British Airways looks at non-equity alliance

British Airways (BA) on Tuesday said it is in talks with Indian carriers to forge an alliance, but will not make any equity investment in domestic airlines.

“We have held talks with Indian carriers, but talks so far have been inconclusive,” said Judy Jarvis, who has recently taken over as regional commercial manager, South Asia, British Airways.

She said talks are still on, but didn’t disclose the name of the potential partner and whether the airline is negotiating with a full service or a low-cost Indian carrier.

Ms Jarvis also declined to give details of the proposed partnership, but said it will not involve any equity investment by British Airways. At present, Indian rules don’t allow foreign airlines to hold equity in the domestic airlines or to operate in domestic routes directly. A government panel is currently considering the civil aviation ministry’s proposal to allow foreign airlines to hold up to 25% stake in domestic airlines.

Usually, a non-equity alliance between two airlines involve sharing of seats, complementing routes and technical collaboration, which together help airlines rationalise costs and offer fliers better value. In October, India’s two leading airlines, Jet Airways and Kingfisher, announced an alliance that would involve sharing seats, staff and infrastructure.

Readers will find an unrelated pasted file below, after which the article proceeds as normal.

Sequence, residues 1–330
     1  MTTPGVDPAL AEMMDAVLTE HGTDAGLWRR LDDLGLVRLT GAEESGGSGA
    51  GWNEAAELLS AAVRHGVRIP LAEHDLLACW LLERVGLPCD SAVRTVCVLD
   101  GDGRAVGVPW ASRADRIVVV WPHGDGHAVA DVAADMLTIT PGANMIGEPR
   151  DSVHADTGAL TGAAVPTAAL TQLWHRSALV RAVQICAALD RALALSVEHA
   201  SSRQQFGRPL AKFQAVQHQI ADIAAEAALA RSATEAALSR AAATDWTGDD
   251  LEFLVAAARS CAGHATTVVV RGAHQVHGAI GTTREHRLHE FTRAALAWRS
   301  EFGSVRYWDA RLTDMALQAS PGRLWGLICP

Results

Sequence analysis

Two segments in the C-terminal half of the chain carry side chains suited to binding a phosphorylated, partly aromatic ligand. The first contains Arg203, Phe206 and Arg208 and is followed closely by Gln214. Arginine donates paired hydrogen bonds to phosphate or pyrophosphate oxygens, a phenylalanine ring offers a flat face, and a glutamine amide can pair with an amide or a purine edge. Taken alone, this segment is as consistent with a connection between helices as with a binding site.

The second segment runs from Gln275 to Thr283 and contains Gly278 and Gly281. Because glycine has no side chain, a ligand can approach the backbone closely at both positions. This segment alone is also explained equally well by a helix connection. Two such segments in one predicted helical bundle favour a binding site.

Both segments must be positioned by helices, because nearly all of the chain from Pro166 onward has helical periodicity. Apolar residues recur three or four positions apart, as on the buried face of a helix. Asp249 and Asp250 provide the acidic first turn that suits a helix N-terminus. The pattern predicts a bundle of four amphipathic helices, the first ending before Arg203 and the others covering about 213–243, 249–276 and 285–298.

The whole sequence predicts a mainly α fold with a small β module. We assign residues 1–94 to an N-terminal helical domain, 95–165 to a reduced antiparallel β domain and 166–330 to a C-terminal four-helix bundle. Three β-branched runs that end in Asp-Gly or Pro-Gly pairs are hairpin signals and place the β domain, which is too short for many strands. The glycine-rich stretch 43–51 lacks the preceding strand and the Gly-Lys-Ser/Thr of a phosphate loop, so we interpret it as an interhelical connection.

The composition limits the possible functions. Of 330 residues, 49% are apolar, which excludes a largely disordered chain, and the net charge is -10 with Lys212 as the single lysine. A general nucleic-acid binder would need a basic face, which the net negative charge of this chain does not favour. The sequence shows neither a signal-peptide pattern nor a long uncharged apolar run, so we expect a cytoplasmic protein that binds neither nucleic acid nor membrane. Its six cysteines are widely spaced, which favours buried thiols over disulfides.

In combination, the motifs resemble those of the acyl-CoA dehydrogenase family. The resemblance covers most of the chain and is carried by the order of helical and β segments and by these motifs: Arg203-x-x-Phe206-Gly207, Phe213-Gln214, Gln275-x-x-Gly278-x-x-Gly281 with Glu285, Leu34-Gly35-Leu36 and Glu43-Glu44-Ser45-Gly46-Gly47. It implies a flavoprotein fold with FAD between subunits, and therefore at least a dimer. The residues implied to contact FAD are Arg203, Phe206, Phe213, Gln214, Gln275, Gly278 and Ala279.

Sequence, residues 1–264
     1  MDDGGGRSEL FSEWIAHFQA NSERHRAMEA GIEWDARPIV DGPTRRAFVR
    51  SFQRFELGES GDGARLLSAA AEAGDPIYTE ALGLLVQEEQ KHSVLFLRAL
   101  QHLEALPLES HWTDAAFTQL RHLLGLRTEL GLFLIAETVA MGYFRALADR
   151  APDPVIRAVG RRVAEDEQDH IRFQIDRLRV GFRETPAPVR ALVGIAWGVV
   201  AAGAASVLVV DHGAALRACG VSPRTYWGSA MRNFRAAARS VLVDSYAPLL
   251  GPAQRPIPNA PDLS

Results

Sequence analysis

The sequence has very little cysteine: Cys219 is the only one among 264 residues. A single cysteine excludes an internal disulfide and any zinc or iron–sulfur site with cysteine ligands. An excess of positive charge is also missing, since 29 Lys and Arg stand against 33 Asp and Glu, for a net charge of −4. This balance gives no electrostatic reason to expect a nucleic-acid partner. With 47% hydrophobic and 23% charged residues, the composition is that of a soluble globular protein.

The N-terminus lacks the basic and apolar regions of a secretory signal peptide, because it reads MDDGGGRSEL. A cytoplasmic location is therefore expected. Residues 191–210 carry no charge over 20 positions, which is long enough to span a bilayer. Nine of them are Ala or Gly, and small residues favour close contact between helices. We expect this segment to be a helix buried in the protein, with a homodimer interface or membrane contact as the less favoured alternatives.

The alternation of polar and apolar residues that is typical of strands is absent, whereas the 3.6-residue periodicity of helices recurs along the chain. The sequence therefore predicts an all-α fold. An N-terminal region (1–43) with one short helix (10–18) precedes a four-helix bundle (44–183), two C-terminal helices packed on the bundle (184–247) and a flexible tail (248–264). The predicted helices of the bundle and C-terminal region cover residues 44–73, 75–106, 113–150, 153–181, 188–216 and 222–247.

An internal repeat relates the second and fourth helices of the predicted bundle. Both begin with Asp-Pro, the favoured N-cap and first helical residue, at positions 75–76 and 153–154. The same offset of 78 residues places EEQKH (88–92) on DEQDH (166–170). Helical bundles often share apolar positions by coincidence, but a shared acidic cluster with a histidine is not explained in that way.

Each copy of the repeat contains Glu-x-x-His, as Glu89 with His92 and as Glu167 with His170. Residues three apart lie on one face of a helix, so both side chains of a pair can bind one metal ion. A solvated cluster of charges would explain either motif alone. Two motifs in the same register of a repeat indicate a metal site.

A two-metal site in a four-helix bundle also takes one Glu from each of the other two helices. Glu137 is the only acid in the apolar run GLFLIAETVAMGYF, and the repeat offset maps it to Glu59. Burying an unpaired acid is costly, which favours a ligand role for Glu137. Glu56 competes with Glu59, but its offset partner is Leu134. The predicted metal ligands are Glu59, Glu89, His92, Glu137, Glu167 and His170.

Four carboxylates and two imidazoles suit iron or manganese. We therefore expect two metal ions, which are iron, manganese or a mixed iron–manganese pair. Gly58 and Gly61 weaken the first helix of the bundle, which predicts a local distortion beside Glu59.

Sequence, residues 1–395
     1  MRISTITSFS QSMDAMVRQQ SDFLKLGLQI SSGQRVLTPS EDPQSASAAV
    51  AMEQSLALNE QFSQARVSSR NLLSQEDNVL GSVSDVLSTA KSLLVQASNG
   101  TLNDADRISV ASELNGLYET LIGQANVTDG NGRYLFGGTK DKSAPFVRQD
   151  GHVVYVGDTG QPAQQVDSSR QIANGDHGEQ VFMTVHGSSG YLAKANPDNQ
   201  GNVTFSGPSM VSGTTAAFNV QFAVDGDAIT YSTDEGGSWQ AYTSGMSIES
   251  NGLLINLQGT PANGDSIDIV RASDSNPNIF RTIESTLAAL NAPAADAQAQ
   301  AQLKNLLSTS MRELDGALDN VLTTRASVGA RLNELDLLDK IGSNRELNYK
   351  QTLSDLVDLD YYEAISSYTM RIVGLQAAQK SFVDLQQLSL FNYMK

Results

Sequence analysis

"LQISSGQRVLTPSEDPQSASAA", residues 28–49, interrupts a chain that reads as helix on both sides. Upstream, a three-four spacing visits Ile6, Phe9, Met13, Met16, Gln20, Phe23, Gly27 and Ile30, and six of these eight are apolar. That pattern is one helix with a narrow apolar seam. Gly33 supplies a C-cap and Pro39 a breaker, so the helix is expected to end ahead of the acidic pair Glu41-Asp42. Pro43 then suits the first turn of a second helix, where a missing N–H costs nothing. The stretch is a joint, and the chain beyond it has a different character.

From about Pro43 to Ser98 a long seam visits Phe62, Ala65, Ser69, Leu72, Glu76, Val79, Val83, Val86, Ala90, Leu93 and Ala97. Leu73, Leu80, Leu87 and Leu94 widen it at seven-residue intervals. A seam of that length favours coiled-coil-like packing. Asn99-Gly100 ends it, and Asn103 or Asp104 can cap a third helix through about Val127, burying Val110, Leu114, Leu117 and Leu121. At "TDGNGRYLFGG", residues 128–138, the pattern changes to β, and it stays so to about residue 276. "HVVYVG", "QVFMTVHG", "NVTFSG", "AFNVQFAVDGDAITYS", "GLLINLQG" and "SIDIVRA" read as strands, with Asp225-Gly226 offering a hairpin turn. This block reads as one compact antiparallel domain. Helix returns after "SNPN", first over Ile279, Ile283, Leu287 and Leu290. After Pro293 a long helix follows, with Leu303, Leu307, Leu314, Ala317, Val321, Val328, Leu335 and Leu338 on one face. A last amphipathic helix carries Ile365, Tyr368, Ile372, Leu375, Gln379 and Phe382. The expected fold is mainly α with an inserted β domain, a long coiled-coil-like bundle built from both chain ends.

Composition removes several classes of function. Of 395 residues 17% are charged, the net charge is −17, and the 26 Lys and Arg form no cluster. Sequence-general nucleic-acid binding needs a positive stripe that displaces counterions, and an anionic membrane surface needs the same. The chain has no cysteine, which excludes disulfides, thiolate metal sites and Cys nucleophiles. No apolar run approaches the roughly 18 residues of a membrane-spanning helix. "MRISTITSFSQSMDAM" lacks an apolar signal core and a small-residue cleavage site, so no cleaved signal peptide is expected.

British Airways, one of the largest foreign airlines operating in India, recently pulled out of Kolkata, where it operated three international flights a week. Ms Jarvis said the company had no plans to further cut routes or flights, but is watching the market demand for reducing the number of seats being made available to the travellers to India. Following its exit from Kolkata, the company operates 45 flights a week from India.

The global manpower rationalisation plan announced by British Airways may also affect its Indian operations, said Ms Jarvis, but added that it will take more than a month to fathom the extent of the impact.

Indian aviation industry, like other world markets, is going through a turbulent phase. The economic downturn has taken its toll on air travel and many travellers have migrated from the pricier business class to economy class seats. Indian airline industry is estimated to post a loss of $2 billion for the year ended March 2009.

Ms Jarvis said her aim would be to consolidate British Airways’ position in India by focusing on better utilisation of resources and get more people to fly.

Source: The Economic Times 29/04/09

british-airways

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